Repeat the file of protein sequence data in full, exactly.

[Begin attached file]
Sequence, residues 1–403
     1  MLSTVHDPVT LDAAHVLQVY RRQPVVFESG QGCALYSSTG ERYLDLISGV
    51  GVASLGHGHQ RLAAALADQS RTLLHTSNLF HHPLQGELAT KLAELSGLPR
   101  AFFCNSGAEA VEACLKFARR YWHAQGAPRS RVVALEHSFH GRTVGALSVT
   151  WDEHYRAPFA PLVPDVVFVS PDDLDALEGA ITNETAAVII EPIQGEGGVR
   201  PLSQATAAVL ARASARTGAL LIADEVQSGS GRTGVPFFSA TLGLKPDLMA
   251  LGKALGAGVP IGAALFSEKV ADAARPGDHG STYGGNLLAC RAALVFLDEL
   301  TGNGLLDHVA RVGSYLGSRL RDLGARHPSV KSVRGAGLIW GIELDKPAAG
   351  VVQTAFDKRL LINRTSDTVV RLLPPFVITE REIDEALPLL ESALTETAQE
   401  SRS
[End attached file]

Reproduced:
Sequence, residues 1–403
     1  MLSTVHDPVT LDAAHVLQVY RRQPVVFESG QGCALYSSTG ERYLDLISGV
    51  GVASLGHGHQ RLAAALADQS RTLLHTSNLF HHPLQGELAT KLAELSGLPR
   101  AFFCNSGAEA VEACLKFARR YWHAQGAPRS RVVALEHSFH GRTVGALSVT
   151  WDEHYRAPFA PLVPDVVFVS PDDLDALEGA ITNETAAVII EPIQGEGGVR
   201  PLSQATAAVL ARASARTGAL LIADEVQSGS GRTGVPFFSA TLGLKPDLMA
   251  LGKALGAGVP IGAALFSEKV ADAARPGDHG STYGGNLLAC RAALVFLDEL
   301  TGNGLLDHVA RVGSYLGSRL RDLGARHPSV KSVRGAGLIW GIELDKPAAG
   351  VVQTAFDKRL LINRTSDTVV RLLPPFVITE REIDEALPLL ESALTETAQE
   401  SRS